Multiple lawsuits challenging how real estate commissions are negotiated and shared are impacting the real estate industry. One such case, the Sitzer/Burnett case, involves an antitrust lawsuit against the National Association of Realtors (NAR) and major real estate franchisors. The plaintiffs alleged a conspiracy by the real estate trade association and real estate agents to inflate real estate commissions, in part due to the industry custom and practice of sharing commissions. Traditionally, listing agents and brokers who are members of NAR, have been required to offer compensation to buyer agents and brokers through their local Multiple Listing Services. The plaintiffs argued in court that these requirements set an improper price floor for commissions and limit sellers’ fee negotiation abilities. NAR and the other defendants argue that commissions are freely negotiable and that the market drives commission amounts, not their practices. On October 31, 2023, the federal jury in the Sitzer/Burnett case found for the plaintiffs, awarding $1.8 billion in damages (which could increase if punitive damages are further awarded by the court).
Like the Sitzer/Burnett case, multiple other cases are challenging traditional real estate commission structures, potentially impacting the industry, buyers, and sellers. Plaintiffs argue that NAR and its members are violating antitrust laws, limiting competition and inflating seller costs. NAR contends their practices ensure comprehensive and equitable services, promoting fair competition. They plan to appeal the verdict in the Sitzer/Burnett case, and are actively defending the other cases.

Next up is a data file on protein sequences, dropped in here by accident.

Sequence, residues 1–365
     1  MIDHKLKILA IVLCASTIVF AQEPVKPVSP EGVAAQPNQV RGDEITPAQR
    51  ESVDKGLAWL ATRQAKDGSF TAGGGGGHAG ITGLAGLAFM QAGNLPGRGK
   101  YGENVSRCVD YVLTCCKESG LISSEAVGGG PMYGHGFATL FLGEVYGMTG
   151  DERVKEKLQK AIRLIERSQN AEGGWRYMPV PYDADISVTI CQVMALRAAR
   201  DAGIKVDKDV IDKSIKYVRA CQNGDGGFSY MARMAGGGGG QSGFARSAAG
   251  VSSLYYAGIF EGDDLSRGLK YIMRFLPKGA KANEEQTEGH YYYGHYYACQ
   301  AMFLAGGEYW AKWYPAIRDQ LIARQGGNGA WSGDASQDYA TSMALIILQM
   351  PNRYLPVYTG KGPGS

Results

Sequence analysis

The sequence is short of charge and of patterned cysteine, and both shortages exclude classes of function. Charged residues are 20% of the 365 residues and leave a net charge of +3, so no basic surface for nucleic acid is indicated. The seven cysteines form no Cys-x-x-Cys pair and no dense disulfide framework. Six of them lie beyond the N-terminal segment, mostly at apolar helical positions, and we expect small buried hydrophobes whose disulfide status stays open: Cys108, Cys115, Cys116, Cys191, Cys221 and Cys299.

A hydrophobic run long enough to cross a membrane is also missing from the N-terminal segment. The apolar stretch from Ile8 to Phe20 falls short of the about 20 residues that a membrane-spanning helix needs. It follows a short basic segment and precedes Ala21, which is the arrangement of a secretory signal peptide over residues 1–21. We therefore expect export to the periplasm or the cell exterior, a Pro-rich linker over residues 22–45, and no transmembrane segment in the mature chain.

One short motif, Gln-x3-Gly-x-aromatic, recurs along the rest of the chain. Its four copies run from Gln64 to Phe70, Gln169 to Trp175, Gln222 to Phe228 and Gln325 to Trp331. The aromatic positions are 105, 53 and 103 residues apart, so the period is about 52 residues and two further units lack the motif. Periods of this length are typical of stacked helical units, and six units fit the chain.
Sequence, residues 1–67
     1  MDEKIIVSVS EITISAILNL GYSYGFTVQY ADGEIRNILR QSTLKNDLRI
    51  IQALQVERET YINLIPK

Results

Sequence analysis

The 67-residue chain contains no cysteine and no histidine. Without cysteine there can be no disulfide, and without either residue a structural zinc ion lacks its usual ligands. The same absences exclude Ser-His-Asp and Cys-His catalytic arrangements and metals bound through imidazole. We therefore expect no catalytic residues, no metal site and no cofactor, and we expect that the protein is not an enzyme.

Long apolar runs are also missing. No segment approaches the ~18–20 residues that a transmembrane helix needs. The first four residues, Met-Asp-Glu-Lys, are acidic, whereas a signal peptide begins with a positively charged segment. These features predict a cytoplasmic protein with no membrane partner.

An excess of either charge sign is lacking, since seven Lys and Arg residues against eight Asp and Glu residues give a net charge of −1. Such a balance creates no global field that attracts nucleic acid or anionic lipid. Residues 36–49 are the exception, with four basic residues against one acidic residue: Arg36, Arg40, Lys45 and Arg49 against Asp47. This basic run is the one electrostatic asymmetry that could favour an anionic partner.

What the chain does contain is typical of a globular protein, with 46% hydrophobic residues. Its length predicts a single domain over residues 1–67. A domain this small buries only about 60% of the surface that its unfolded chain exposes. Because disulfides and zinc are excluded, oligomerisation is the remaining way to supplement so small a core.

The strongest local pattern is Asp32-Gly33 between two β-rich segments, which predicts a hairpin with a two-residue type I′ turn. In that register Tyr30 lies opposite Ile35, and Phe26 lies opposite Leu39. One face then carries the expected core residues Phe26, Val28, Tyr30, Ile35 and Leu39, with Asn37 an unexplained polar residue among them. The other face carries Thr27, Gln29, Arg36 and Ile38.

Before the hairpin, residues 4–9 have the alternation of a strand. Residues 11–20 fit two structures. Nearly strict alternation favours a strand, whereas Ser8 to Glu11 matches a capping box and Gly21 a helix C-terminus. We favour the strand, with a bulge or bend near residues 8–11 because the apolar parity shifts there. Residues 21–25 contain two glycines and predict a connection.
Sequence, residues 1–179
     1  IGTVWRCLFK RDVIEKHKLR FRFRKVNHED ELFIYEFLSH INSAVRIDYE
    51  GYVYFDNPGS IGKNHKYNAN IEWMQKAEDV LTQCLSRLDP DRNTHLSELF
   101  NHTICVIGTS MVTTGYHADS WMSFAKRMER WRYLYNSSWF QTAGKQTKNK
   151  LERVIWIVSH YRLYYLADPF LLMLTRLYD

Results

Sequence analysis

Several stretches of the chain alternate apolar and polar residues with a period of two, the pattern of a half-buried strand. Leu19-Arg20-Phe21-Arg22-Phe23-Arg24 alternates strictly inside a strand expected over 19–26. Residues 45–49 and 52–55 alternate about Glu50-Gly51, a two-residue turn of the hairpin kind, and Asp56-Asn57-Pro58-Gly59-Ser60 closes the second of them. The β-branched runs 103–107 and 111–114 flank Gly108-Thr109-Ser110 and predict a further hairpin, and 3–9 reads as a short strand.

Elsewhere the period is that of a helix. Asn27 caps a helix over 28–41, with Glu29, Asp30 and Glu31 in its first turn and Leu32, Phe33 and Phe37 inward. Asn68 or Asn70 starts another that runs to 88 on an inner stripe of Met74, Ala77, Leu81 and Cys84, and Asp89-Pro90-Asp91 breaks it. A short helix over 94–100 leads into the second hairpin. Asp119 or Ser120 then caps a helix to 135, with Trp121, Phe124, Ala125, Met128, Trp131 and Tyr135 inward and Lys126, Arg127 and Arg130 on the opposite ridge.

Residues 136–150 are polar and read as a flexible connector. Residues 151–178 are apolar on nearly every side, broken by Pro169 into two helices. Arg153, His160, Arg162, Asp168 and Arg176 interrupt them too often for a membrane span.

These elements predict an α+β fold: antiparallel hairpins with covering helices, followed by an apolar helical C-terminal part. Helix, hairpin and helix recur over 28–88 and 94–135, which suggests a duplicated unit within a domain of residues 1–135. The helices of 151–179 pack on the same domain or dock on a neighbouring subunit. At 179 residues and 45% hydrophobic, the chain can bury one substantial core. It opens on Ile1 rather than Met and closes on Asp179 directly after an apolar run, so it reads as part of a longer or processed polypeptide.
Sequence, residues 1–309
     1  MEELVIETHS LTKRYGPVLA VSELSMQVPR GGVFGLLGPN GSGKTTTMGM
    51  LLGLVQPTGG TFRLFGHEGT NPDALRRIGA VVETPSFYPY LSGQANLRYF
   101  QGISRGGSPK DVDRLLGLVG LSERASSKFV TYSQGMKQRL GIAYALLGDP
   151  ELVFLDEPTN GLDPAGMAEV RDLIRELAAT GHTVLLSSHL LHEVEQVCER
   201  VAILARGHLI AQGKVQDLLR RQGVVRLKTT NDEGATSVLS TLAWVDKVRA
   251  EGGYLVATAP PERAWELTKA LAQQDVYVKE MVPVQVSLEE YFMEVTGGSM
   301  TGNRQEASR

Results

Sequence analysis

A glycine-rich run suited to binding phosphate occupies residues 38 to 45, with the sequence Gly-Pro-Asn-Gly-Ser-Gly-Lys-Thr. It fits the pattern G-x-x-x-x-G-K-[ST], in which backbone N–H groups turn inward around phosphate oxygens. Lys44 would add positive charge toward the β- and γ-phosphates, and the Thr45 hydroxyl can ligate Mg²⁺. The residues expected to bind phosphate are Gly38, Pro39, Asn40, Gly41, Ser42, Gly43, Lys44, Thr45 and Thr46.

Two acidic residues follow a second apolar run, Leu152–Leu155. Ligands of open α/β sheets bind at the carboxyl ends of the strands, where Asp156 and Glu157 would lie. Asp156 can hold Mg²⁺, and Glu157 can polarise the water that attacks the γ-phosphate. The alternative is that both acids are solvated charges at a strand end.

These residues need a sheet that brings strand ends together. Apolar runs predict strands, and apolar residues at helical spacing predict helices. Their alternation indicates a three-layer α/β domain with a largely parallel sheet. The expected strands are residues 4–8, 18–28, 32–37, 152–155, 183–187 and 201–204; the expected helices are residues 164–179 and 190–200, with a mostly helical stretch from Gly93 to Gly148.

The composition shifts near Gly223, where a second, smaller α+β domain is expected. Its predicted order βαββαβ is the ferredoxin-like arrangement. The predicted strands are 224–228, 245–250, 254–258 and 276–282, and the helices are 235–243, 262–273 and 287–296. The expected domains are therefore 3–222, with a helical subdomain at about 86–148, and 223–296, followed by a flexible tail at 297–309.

It is reasonable to believe that these cases will lead to fundamental shifts in the U.S. real estate industry, potentially impacting home prices and home buyers. If the result is lower commission rates, it could theoretically reduce overall buying costs. Practically the market is more likely to be the ultimate decision maker when it comes to the sales price of a home. Commissions constitute a small portion of transaction costs, and broader market prices are more influenced by interest rates, supply and demand, and macroeconomic factors.
In the short term, how agents communicate with buyers is going to change. Getting formal representation agreements is one such change, as well as discussing how real estate agent compensation works, how they get paid, and maybe even agreement on the part of the buyer to pay part or all of their agent’s commission. For agents representing buyers, this means developing their value proposition. The evolving landscape underscores the importance of finding the best representation in real estate transactions. Education on the home purchase process, associated risks, and market factors in buying a home remain crucial during these legal developments.